Pinedale OFFline
Pinedale, Wyoming 

Special Edition - April 1, 2019             Vol. XVII 

Strange lights spotted over Wyoming

Rumors have been circulating of strange light displays over Wyoming. Videos began appearing on YouTube by airline passengers who had been on flights over Wyoming claiming to be seeing light patterns in the night sky.

Yellowstone National ParkOne video appears to first show the outline of the state of Wyoming, with the outline of Yellowstone National Park then appearing, along with a huge arrow and then the letters "YNP" flashing. The light pattern appears to encompass the entire state of Wyoming and border of Yellowstone National Park, and the giant arrow and massive letters appear in the middle of the state. The dimensions of the displays are hard to comprehend. The lighted arrow alone would have to be more than a hundred miles long.

A second alleged video from another nighttime airline passenger appears to show a similar light pattern first outlining the entire state of Wyoming, and then a small star appears in the lower right hand corner of the state. The small light then turns into a big yellow star which flashes and then disappears, and then the entire light sequence again goes dark. The lighted star appears to be in the exact location of Cheyenne, the capitol of the state of Wyoming.

The videos started appearing on YouTube in November and December 2018 by people who said they were passengers on flights over Wyoming during their Thanksgiving and Christmas holiday travels. Each had nightime flights. As they flew over Wyoming, the light patterns could be seen out their windows in the darkness of the night sky. November and December are peak times for airline traffic flying over the state of Wyoming.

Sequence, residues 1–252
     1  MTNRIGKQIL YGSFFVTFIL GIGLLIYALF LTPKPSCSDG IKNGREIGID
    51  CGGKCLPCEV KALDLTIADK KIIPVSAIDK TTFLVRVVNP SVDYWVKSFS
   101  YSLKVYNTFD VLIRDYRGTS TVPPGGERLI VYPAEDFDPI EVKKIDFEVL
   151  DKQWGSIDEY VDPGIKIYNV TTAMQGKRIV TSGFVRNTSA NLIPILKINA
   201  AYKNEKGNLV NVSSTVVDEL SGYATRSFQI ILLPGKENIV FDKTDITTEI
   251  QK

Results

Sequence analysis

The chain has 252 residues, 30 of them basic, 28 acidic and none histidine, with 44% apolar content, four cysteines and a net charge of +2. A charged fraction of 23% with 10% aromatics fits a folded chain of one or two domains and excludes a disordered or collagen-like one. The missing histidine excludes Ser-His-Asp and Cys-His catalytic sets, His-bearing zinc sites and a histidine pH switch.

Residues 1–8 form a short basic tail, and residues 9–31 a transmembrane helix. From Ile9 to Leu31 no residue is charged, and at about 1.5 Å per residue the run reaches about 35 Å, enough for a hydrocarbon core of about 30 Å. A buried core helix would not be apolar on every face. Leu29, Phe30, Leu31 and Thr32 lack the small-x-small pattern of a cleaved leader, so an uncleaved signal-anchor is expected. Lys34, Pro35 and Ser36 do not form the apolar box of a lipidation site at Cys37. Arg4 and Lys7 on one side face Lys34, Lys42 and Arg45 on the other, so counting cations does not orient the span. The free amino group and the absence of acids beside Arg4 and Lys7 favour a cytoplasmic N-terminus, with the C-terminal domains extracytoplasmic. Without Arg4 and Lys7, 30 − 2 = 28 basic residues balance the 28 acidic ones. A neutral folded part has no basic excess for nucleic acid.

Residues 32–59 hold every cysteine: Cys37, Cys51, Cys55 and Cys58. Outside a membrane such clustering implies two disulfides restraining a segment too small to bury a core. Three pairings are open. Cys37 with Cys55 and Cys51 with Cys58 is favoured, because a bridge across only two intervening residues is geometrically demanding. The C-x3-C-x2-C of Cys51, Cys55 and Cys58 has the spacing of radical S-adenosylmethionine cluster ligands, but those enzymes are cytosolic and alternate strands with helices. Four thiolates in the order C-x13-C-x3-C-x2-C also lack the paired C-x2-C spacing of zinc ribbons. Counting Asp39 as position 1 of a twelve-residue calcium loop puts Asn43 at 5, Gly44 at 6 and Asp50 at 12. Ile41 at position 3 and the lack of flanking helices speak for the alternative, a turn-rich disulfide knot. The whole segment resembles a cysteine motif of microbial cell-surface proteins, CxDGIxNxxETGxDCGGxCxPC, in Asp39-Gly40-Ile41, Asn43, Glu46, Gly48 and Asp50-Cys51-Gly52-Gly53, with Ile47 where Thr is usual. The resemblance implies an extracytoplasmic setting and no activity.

Speculation has been raised that the humongous light displays are actually a novel new marketing campaign by the Wyoming Tourism Department (WTD) in collaboration with the state's oil and gas industry.

Wyoming has sometimes been condescendingly referred to as a "fly-over" state. It is located in the middle of the continental United States. The insinuation is that people from the east and west coasts consider it unimportant as they "fly-over" between destinations like New York and Los Angeles. Wyoming is the home of Yellowstone National Park, the country's first national park. It was also the first state to give women the right to vote, doing so as a territory even before it officially became a state in the Union, long before the other states in the country finally let the women in their states have the right to vote or hold public office.

There has been more and more speculation that the videos captured the testing of a new super secret marketing campaign by the Wyoming Tourism Department to advertise Wyoming's assets to the captive audience of airplane passengers as they fly over the state on overnight flights. With the pitch black sky over Wyoming at night, any lights really stand out as if on a giant black screen backdrop.

It has been a mystery how lights could be connected and coordinated across the vastness of remote Wyoming. The only entities that have physical facilities in all those locations are all the various oil and gas industry operators working throughout the state. "If you tied them all together as one, you could in theory create a network that could link into a massive unified lighting system," said an anonymous source. "But that would require massive cooperation because they are all independent operators. I could never see that happening among them."

Oil and gas rigs that are taller than 60 feet high are required to have a light on the top of the rig for safety reasons. They also fly an American flag up high. Other sites in remote locations use solar powered lights on their pads for their lighting requirements. Those lighting patterns could be seen from an airplane flying overhead and even by astronauts in the space station high outside the earth's atmosphere. The thought of sending messages to people from that massive height scale has never before been done on a state-wide scale. But the coordination and technology to link all those sources together would be intricately complicated. "This would be vastly more technically challenging than lighting the Empire State Building in New York City with a giant red heart on Valentine's Day," one electrician explained.